Reformation

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Sola Fide: Faith Alone

Sermon delivered by Rev. Dr. Larry Maley at Dardenne Presbyterian Church on October 1, 2017

“Sola Fide: Faith Alone”

Second of five sermons on the Reformation’s Principles

Scriptures: Ephesians 2:8-10 and Romans 3:23-28

            Upon engaging a young man in a conversation about salvation, I asked whether or not he would go to Heaven. He replied that he hoped so, but did not know for sure. “Then how can a person know whether or not they are saved,” I inquired.

            “I suppose, you just have to be good,” he replied.

            “How good do you have to be?” I asked.

“Awful good,” he answered.

Probing deeper I asked, “So, are you that good?” He admitted that he was not. “Then I suppose you are not saved,” I responded. He reluctantly admitted he was not. I let him know I shared his moral dilemma about not being good enough. I will never forget how his jaw dropped and the words stumbled out of his mouth, “Well, if you’re the preacher and you are not good enough, then, who can be saved?” What a joy it was to tell him of God’s plan of salvation through faith in Jesus Christ. Salvation is only received by faith in Christ Jesus (Romans 3:24-25).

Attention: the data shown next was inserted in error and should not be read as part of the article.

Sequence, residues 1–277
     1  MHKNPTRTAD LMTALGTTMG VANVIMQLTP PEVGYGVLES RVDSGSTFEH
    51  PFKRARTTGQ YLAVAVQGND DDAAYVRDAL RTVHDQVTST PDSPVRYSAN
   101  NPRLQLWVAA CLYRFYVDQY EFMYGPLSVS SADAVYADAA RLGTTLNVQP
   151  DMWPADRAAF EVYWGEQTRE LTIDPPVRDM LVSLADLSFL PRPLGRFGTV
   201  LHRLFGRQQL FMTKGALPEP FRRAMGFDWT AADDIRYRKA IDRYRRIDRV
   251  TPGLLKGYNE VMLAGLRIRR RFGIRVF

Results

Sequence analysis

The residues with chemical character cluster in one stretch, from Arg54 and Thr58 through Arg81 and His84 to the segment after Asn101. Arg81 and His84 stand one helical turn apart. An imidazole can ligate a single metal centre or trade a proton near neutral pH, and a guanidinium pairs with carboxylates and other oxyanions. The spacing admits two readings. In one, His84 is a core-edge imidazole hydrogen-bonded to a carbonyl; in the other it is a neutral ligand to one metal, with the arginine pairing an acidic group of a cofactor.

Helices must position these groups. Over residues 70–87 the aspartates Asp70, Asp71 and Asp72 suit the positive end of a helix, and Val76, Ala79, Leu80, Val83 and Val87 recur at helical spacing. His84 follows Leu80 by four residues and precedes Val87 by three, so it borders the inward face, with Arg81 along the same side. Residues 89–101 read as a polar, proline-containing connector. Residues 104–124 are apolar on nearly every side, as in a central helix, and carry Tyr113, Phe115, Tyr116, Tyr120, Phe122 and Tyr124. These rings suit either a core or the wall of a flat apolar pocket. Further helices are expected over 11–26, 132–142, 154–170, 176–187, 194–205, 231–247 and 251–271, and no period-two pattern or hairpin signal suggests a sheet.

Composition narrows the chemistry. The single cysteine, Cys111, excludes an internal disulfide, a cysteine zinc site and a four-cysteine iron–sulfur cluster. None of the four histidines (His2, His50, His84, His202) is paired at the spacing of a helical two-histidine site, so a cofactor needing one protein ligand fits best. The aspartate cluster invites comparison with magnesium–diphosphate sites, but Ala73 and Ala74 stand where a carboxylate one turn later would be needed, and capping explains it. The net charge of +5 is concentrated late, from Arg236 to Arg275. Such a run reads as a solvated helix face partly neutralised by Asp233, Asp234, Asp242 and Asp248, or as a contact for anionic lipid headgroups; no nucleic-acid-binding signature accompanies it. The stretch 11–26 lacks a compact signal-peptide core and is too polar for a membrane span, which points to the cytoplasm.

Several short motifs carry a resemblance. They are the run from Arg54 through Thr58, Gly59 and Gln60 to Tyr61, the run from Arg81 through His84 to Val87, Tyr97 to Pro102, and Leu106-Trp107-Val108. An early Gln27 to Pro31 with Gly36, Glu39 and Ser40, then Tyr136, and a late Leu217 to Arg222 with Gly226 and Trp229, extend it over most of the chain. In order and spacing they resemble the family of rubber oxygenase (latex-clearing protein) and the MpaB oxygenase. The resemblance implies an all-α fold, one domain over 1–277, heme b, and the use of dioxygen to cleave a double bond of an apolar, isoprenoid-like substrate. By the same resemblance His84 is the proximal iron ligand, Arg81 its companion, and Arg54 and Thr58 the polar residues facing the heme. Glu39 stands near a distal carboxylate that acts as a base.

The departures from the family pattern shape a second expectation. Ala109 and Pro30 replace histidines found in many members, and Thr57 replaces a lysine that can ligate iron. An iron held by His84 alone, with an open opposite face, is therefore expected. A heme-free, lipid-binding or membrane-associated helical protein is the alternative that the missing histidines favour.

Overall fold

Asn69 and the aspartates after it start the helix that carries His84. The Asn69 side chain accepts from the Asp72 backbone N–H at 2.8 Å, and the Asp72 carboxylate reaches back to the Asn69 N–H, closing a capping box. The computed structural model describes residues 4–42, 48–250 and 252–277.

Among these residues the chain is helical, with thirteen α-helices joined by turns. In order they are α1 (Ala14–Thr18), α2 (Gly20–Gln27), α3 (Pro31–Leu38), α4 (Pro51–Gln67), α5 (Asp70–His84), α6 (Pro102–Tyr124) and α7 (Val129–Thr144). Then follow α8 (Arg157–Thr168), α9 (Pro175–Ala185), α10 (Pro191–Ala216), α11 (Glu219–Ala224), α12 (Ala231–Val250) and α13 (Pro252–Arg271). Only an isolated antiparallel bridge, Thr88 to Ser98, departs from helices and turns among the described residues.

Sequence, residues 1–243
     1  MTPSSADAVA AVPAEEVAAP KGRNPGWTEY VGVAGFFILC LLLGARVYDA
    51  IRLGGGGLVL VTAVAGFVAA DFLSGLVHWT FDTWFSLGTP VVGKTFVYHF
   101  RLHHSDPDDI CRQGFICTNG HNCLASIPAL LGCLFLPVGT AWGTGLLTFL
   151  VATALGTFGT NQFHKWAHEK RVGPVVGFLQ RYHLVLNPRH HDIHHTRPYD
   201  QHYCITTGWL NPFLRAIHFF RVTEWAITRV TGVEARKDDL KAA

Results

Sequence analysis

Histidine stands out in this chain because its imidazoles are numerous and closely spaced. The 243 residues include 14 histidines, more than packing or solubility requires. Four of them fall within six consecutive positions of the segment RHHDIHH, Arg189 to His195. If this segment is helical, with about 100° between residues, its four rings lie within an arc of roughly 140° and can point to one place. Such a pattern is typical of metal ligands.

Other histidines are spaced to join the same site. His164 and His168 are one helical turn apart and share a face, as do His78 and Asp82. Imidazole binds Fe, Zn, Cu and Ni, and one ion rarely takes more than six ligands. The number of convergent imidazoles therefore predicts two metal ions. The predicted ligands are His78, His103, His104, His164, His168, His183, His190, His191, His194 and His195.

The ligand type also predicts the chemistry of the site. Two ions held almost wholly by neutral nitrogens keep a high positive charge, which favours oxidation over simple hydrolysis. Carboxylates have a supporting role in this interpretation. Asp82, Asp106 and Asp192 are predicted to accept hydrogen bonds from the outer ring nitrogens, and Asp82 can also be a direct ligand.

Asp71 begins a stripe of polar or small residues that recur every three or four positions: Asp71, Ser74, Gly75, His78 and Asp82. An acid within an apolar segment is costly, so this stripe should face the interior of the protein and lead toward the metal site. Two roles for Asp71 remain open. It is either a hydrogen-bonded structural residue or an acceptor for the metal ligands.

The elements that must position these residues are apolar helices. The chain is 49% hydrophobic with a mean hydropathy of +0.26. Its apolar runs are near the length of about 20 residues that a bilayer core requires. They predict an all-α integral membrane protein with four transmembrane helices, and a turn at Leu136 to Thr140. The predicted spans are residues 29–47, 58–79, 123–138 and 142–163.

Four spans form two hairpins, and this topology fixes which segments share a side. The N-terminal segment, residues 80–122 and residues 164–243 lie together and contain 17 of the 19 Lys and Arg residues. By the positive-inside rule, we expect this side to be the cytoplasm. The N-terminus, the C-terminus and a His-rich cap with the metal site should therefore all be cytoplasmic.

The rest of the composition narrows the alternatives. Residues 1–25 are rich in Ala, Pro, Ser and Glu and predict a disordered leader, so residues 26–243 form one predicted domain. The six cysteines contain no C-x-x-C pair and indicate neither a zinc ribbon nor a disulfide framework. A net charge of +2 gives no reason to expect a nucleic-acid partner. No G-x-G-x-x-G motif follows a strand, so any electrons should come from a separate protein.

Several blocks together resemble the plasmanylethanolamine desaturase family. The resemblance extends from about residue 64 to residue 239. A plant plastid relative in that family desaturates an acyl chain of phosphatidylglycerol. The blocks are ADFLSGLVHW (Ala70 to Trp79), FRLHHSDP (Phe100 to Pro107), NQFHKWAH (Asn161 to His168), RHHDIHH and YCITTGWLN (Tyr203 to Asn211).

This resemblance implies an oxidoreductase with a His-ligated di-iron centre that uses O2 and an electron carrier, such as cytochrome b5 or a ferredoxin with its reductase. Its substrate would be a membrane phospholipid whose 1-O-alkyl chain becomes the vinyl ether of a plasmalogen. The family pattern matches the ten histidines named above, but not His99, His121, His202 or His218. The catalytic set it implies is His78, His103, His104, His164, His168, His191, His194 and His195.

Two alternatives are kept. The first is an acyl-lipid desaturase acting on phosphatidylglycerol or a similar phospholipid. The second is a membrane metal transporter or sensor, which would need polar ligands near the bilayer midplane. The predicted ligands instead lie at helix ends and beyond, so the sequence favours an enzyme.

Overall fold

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Sola Christus: Christ Alone

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Sermon delivered by Rev. Dr. Larry Maley at Dardenne Presbyterian Church on September 24, 2017

“Sola Christus: Christ Alone”

First of five sermons on the Reformation’s Principles

Scriptures: Hebrews 10:4-14 and Isaiah 64:5-9

            On October 31, 1517, a thirty-three year old monk named Martin Luther, climbed the steps of a church in Wittenberg, Germany and nailed a list of 95 Theses on the door. Out of that act emerged an historical movement known as the Protestant Reformation. The monk did not create any new truths. Rather, he rediscovered some Biblical truths that had been lost by the Church for a long time. Because our sermons for five weeks will focus on the Five Principles of the Reformation, someone will surely ask, “Why are we commemorating an event which occurred 500 years ago?” History scholars will remind us that the Reformation was one of the most influential events in world history and in the Christian Church. We will also recognize that the historical, social, theological and political motivations which prompted the Reformation are similar to the challenges the world faces today.

Our five sermons on the Reformation will not focus on one or two men, Martin Luther and John Calvin. Instead, we will consider the Reformer’s rediscovery of the central message of the Gospel; insistence on the authority of God’s Word; and the majestic emphasis on God’s Grace. During these five sermons, I pray you will come away with an understanding of the Reformation’s primary concern about the relationship between a holy God and sinful people. It is a theme which theologians call, “justification by faith in Jesus Christ.”

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